Next comes the initiative to pay extra attention to manufacturing. Ford has reviewed the assembly time of its Ford and Lincoln-Mercury vehicles and has authorized twice as long as building a Continental. Allen Park workers had to use the time to check the parts to test their fit before assembly, as well as correct any faults found.

Lincoln Mark Series Cars, Feeling Continental (Part IV)

During the assembly of the Continental, the Factory Inspection and Testing initiative allowed each Mark II to pass through 14 different inspection points, all of them thorough. A team of mechanics inspected each Mark II before the car could continue. Once assembly was complete, there was another team inspection and final test drive before the Mark II was shipped to the receiving dealership.

Throughout the process, the Mark IIs remained on a rolling mobile stand. There was no traditional assembly line at Allen Park to speak of: at each stage of construction, a Mark II was moved by hand to the next build station. A sort of traditional British assembly method, but of higher quality.

Lincoln Mark Series Cars, Feeling Continental (Part IV)

The other two initiatives were outside the Continental assembly, at the consumer policy level. The first of these was Top Management Action, where Continental managers analyzed data from various quality checks at Allen Park, then compared that information to any problems reported by customers or repair requests received. It was the kind of thing a maker would do with lots of spreadsheets today, except there was no Excel.

Finally, Continental is committed to customer service with the Field Service initiative. This was a program exclusively for Continental customers, focused on correcting customer complaints and following up with said customers to ensure they were satisfied with their vehicle. Part of this satisfaction was certainly due to the choice left to the customer regarding the appearance of his Mark II.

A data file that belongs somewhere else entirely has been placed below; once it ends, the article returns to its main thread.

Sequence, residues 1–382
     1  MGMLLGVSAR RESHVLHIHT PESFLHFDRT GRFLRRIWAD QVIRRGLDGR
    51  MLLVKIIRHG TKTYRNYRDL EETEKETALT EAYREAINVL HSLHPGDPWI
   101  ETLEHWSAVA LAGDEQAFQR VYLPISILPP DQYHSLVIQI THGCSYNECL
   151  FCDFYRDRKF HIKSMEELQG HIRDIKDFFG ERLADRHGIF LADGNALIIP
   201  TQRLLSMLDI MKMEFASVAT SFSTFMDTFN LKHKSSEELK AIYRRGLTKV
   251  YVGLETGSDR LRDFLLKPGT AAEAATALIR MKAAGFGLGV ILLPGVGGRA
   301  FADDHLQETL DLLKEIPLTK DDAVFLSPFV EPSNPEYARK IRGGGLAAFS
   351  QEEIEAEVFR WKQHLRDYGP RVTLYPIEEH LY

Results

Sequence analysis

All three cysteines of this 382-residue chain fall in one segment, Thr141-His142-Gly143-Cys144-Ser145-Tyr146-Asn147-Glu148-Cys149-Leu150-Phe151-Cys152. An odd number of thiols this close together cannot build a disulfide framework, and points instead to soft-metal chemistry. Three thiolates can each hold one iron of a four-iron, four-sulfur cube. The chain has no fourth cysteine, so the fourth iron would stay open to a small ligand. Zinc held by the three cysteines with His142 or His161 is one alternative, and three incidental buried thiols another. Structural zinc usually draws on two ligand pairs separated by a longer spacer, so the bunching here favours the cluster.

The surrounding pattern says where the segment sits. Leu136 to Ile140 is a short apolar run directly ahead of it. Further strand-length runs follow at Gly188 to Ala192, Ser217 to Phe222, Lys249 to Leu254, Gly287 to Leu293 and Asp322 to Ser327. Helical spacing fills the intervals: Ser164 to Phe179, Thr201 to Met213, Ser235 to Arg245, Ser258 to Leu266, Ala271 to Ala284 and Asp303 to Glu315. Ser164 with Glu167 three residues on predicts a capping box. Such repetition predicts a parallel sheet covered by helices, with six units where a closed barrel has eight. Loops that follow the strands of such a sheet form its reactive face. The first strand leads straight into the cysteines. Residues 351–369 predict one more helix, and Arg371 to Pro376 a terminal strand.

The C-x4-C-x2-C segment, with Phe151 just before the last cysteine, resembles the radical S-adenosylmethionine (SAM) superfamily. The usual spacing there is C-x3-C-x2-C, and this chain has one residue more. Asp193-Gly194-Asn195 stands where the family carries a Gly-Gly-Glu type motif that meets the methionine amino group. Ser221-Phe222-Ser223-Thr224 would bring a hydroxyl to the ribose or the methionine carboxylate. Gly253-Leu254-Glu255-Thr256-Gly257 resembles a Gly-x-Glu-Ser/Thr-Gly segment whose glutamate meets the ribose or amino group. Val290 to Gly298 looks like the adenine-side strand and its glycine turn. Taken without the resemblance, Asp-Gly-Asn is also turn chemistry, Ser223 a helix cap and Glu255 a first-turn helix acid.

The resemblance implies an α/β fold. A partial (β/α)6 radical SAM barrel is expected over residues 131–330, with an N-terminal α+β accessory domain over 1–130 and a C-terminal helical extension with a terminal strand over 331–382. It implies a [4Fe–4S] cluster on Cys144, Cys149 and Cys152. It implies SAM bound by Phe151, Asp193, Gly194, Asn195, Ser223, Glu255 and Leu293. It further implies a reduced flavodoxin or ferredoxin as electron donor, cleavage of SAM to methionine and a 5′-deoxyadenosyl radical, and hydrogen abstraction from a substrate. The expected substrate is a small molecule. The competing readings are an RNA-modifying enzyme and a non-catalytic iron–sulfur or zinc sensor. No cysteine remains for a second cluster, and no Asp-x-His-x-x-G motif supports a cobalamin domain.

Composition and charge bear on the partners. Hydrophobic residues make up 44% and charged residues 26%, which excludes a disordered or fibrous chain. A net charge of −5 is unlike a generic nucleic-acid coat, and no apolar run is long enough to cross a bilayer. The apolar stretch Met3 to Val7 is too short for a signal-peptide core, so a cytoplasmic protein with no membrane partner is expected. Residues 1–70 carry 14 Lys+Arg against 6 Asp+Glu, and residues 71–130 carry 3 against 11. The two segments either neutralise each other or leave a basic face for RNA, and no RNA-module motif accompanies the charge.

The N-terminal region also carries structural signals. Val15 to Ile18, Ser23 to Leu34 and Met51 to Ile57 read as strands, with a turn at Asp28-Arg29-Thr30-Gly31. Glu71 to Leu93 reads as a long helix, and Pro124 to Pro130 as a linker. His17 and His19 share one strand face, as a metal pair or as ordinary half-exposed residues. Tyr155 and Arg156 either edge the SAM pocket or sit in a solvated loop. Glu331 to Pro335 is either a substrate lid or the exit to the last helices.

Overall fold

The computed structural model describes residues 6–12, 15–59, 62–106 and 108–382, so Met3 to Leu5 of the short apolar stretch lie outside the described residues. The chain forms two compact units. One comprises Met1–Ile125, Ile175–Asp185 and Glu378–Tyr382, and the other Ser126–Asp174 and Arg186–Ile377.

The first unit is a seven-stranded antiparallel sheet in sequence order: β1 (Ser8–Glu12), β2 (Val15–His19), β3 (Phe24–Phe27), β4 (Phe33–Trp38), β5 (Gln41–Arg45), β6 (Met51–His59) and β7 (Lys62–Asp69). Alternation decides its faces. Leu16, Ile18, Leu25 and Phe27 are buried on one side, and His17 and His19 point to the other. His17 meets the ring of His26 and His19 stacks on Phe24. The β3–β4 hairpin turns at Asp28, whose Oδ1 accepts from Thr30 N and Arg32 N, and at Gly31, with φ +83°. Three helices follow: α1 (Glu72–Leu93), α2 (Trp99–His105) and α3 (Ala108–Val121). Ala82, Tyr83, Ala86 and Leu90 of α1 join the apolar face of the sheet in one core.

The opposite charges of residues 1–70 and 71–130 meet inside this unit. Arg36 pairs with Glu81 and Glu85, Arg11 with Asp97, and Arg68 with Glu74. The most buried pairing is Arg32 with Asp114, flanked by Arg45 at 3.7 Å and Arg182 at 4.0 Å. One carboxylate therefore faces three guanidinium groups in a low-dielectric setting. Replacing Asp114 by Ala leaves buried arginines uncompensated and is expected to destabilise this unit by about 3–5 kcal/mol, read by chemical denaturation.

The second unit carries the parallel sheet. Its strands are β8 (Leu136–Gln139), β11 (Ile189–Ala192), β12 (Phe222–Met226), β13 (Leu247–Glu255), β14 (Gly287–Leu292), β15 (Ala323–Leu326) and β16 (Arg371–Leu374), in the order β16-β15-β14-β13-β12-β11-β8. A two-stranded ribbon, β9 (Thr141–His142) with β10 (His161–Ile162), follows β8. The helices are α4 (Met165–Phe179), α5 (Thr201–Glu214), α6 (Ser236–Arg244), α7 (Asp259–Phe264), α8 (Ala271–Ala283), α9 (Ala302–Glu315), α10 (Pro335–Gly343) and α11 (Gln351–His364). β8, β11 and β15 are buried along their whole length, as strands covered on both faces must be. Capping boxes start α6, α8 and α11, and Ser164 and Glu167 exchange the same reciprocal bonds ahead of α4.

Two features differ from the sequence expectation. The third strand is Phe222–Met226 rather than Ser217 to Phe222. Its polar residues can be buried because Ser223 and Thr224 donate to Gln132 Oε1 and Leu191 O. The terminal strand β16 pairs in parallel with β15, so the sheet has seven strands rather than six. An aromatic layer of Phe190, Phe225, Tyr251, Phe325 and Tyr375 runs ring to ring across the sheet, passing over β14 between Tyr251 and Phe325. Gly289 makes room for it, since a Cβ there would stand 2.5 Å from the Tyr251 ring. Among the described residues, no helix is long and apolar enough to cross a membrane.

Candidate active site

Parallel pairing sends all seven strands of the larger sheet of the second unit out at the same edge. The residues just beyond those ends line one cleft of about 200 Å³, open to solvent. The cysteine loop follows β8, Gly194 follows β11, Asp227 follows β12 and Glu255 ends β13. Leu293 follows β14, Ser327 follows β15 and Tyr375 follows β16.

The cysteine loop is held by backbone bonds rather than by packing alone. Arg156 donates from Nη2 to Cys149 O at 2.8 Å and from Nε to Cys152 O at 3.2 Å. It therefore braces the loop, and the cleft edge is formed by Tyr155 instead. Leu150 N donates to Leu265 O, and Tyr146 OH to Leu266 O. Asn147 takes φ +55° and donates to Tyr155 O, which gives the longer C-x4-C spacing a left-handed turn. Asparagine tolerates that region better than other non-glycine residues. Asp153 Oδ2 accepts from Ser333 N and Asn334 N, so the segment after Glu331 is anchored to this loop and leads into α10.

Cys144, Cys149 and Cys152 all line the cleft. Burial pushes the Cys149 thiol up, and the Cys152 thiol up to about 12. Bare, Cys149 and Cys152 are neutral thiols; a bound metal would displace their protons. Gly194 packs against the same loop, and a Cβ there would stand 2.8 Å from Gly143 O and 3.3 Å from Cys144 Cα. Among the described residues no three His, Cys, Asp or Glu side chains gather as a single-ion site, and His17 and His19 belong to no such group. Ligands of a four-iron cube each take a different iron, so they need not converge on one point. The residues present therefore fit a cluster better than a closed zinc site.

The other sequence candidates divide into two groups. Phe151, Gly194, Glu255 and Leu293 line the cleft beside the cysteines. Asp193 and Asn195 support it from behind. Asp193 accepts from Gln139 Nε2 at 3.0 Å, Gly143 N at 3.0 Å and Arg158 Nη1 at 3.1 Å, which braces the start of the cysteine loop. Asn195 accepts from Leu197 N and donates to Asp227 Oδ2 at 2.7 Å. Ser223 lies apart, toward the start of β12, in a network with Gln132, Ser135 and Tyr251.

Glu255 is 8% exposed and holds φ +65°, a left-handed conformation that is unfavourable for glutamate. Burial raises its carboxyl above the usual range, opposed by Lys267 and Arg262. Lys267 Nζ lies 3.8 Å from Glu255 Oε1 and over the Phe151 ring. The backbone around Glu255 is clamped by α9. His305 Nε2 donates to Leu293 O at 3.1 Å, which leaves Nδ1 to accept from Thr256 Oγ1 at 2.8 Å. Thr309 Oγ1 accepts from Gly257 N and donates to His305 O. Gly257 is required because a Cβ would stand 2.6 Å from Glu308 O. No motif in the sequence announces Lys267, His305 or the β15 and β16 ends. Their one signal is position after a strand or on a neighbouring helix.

During the rigorous quality control process, Allen Park Body artisans would paint a Mark II in one of 19 different lacquers. Customers paired the thick paint with one of 43 different interior color palettes, which included five different upholstery materials for the interior. The Mark II was do not offered in a garish two-tone like other personal luxury competitors were so often equipped with. However, Continental would comply with such a request if the customer was committed to it.

Lincoln Mark Series Cars, Feeling Continental (Part IV)

Standard on the Mark II was a lot of electric equipment for the 50s: electric brakes, seats and windows (including air vents). The gauges were complete and included a low fuel warning light, two ideas that were somewhat new at the time. And while the Mark II’s wheel covers weren’t a special feature, the way they were made was.

Each of the hubcaps was created by hand. The multi-spoke design was made up of hand-assembled veins, each individually attached. In the same way, a craftsman individually bolted each letter of the Continental lettering en bloc to the rear tire hump.

Lincoln Mark Series Cars, Feeling Continental (Part IV)

Continental personnel also rebuilt each new engine before it was installed in a Mark II. As we learned last time, the Mark II’s 368-cubic-inch Y-block V8 comes straight from the Lincoln lineup. However, it was not installed cheerfully in a Continental, that would have been too simple. Instead, each engine destined for Mark II use was hand-selected from the Lincoln assembly line (like a “good?”) and then stripped down.

The V8 was then reassembled with Continental’s tolerances and quality control practices in mind, to ensure it met standards. When it was finished, there were also performance inspections. One wonders if the painstaking rebuild made a big difference in the engine’s reliability on the road.

With its thorough quality control, sleek mid-century styling and exorbitant price tag, it was time to bring the Continental division’s new Mark II coupe on sale to an enthusiastic and well-heeled public. And everything went well, right? Well no. Not at all. But that’s a story for next time.

[Images: YouTube]